Saskatchewan

What are the potential risks of prolonged exposure to lead in your water?

A Saskatchewan health expert talks about how health can be affected by long-term exposure to lead.

Recent nation-wide journalism investigation put tainted tap water on display

Dr. Simon Kapaj recommends that anyone concerned about the levels of lead in their water get checked out by a medical professional. (Anne-Christine Poujoulat/AFP/Getty Images)

Prolonged exposure to lead can create adverse health complications, said Dr. Simon Kapaj, who is a medical health officer for the Saskatchewan Health Authority. 

Lead-tainted tap water in Regina, Moose Jaw and Saskatoon made headlines after an investigation led by Concordia University's Institute for Investigative Journalism was published Monday. 

The report examined 2,600 tap water samples from the three cities and found they had some of the highest measured levels in Canada.

Kapaj said pregnant women and children under six are most at-risk. People typically excrete about half of the lead absorbed through their kidneys or intestines. However, children's organs are still developing so lead could build up in the blood or soft tissue.  

"Lead exposure in children could lead to adverse effects like neural behavioural issues, learning disabilities," he said. 

Adults are not immune. Kapaj said they could experience kidney and liver dysfunction, as well as neurological effects. 

People who believe they have been drinking lead can seek out medical testing, he said. ​​He encouraged affected people to flush their lines and use approved filters. 

He said replacement of the lead pipes and service connections is the best strategy considering public health, but increasing awareness is a good step forward. ​

Kapaj noted that while lead poisoning is rare in Canada, "there are no safe lead levels."

Regina to accelerate replacement program 

Saskatchewan's urban problems don't stem from the water source. They are caused by individual pipes in the home and by city-owned lead service connections.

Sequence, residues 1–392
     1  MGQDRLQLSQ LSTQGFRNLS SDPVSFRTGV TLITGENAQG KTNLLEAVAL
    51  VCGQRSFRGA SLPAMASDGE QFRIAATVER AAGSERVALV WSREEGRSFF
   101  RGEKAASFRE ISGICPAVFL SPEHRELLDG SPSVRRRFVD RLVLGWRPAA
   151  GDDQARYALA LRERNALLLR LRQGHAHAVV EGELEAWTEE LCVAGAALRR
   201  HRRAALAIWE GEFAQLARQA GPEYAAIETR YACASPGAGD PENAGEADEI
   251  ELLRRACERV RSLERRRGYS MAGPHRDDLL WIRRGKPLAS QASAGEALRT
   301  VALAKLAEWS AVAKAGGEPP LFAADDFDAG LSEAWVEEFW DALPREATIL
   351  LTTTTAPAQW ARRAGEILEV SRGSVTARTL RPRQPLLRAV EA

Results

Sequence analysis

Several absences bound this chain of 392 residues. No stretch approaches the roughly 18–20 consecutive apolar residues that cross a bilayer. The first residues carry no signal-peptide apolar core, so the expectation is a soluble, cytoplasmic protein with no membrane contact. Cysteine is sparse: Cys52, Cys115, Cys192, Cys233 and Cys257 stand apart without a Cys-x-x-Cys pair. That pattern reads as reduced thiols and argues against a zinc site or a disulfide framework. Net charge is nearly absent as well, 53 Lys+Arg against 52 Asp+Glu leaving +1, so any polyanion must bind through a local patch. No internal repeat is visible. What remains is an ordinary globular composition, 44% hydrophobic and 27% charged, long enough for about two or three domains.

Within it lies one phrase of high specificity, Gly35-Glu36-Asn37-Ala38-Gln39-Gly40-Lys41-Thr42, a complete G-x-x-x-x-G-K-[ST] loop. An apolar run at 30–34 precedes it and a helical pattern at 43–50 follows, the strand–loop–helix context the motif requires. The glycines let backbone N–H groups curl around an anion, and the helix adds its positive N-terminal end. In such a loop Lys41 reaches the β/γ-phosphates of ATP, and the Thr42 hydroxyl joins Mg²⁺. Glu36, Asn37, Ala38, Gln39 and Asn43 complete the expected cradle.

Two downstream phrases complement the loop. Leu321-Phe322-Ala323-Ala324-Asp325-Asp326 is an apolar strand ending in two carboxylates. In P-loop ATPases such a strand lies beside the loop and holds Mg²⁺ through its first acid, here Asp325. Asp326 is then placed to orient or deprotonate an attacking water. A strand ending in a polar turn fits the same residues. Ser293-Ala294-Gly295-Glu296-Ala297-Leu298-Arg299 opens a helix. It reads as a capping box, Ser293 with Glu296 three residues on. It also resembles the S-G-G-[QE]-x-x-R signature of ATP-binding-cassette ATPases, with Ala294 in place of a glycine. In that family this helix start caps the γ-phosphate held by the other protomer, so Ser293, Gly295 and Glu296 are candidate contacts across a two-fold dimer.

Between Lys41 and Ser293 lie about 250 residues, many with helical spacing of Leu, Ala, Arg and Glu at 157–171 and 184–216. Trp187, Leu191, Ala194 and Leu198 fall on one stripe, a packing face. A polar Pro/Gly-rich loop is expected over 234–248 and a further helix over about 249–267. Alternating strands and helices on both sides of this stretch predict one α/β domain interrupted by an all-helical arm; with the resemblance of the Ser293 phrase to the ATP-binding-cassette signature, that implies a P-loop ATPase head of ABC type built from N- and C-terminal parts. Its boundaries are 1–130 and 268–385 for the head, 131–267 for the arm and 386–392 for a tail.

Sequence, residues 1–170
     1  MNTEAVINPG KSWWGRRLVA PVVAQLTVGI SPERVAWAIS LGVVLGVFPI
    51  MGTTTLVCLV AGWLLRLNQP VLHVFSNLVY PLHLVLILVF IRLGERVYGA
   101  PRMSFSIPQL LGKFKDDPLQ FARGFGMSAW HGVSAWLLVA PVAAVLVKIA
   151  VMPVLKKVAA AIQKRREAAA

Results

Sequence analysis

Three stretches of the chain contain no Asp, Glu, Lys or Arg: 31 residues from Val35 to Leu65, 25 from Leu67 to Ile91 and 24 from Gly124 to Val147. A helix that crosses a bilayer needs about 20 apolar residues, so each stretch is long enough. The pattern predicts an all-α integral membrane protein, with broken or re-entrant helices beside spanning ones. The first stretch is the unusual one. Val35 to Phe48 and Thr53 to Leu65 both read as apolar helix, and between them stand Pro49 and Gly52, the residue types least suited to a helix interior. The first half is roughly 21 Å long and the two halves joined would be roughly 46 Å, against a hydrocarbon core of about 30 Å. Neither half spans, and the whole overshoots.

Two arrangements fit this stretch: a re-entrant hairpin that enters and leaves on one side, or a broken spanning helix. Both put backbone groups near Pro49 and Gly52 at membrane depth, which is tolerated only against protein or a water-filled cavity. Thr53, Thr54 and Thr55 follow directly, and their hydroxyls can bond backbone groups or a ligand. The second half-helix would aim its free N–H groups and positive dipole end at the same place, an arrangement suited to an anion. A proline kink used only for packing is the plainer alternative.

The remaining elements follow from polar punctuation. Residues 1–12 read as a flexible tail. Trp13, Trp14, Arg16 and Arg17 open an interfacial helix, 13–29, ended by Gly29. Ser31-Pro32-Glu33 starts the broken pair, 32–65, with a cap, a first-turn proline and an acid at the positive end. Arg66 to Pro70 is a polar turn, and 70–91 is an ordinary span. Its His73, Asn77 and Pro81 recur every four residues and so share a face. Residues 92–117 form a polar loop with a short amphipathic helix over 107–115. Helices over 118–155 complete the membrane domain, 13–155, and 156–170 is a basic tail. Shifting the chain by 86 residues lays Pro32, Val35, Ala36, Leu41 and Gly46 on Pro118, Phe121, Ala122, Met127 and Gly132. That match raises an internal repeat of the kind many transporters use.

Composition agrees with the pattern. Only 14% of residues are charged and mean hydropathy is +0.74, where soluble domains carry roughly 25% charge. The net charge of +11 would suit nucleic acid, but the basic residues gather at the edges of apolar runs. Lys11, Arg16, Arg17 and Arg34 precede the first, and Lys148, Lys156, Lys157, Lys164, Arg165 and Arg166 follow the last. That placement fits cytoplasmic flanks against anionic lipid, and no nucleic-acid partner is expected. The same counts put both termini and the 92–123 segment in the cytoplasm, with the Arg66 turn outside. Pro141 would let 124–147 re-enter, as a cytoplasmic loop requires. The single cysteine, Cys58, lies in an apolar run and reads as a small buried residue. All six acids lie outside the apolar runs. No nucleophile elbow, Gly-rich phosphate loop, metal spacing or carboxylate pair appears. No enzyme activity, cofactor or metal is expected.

Kapaj said public health leaders in the province are working with municipalities to make sure lead service connection replacement programs are accelerated. 

Health Canada guidelines say 0.005 mg/L in an appropriate amount, but some residents have tested several times higher. People have also expressed frustration with the City of Regina for the rate

What to do if you think you are affected 

Regina residents who are concerned they might have high lead levels can contact the city, which offers free testing to people who live in buildings built pre-1960. 

The city provides filters approved to handle lead for up to one year. After that, home owners are responsible for purchasing their own filters while they wait. 

The city also advises people run their taps before consuming water and that they use cold water, as hot water can increase lead leaching. 

The onus is on property owners to replace their private lead lines. In fact, the city will not change a lead service connection line until the private connections are changed first.

The city provides information about how to identify whether a service connection is lead on its website.  

There are about 3,600 city-owned lead service connections that need to be replaced, and at the current pace of the city it will take 20 to 25 years to finish the work. Saskatoon is set to replace all of its connections by 2026.

Some residents who have replaced their private lines are frustrated by the city's pace. Regina officials have said they will look at accelerating the replacement program. 

with files from Alexis Lalemant

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